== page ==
Xbox One pre-orders ship early, reveal large game file sizes

A small number of Xbox One consoles have shipped by accident in the US, giving an insight into the file size of downloadable games.

Nic Healey Senior Editor / Australia
Nic Healey is a Senior Editor with CNET, based in the Australia office. His passions include bourbon, video games and boring strangers with photos of his cat.
Nic Healey
2 min read

At least three Xbox One pre-orders have shipped two weeks early in the US, with recipients heading to social media to detail their very early experiences.

A screen grab from Moonlightswami's YouTube video. (Screenshot by Nic Healey/CNET Australia)

The Verge is reporting that Microsoft has been quick to shut down the information leak, going as far as to temporarily "ban" the consoles from accessing Xbox Live.

However, one of the recipients who goes by the Twitter name Moonlightswami posted a video of his Xbox One on YouTube, as well as screenshots from his Xbox One dashboard.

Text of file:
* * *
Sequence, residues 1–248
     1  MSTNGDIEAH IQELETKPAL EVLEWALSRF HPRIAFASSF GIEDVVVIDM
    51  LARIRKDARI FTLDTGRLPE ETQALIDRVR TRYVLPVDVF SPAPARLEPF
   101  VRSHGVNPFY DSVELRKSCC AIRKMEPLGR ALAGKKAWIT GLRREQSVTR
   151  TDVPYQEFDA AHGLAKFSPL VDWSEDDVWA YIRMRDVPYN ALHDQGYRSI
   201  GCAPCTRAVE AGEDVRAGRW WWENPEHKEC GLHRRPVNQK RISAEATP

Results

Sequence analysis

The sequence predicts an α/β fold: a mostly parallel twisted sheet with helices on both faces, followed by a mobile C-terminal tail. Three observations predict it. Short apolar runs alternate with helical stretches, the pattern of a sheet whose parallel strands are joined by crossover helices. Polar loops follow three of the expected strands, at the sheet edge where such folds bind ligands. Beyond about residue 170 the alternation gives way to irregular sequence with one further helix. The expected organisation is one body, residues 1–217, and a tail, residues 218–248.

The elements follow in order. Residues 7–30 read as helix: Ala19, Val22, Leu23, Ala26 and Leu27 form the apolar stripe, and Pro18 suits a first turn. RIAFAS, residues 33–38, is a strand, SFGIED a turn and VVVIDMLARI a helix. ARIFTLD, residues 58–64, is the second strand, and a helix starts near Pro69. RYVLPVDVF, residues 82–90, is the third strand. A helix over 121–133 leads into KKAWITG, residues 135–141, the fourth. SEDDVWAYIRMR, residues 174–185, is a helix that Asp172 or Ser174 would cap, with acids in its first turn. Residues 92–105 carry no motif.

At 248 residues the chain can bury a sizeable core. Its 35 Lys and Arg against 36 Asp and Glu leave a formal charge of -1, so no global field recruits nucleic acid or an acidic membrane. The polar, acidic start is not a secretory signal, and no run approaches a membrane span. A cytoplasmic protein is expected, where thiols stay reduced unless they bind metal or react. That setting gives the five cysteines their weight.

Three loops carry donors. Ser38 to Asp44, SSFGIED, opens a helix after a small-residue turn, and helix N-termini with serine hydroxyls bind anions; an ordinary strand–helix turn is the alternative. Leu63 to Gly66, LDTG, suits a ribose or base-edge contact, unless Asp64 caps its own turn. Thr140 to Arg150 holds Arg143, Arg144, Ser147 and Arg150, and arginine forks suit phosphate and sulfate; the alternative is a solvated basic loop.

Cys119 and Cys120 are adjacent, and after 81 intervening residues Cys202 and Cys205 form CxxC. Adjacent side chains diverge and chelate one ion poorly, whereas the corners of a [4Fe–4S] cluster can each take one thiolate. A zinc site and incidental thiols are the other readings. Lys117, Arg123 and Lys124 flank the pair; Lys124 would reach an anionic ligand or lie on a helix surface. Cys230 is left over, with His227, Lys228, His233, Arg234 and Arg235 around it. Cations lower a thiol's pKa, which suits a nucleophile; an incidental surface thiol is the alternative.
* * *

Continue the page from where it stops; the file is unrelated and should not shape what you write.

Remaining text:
The Verge article states that Microsoft had the YouTube video removed as a copyright violation, but a video of the unboxing was still available at the time of writing and is embedded below.

More pertinently for Australia, Moonlightswami revealed the file size of some of the games that will be available for download from Xbox Live.

The largest reported was 43GB for NBA 2K14, while Call of Duty: Ghosts clocks in at 39GB and Xbox One exclusive Forza is 31GB. The smallest file sized noted was FIFA at 8GB.

Microsoft has said that downloaded games will be playable during the download process, and Moonslightswami reported that games could be played when the download was over 50 per cent complete.

These files sizes may give pause to Aussies who were hoping to move away from physical media when it came to gaming, with 30GB and above representing a large chunk of many people's monthly download allowance.

It also suggests that the 500GB hard drive in the Xbox may not be as generous as expected. Heavy gamers who purchase games via download may find their hard drive filling quickly, requiring them to delete files, only to download them again later if they want to replay the title.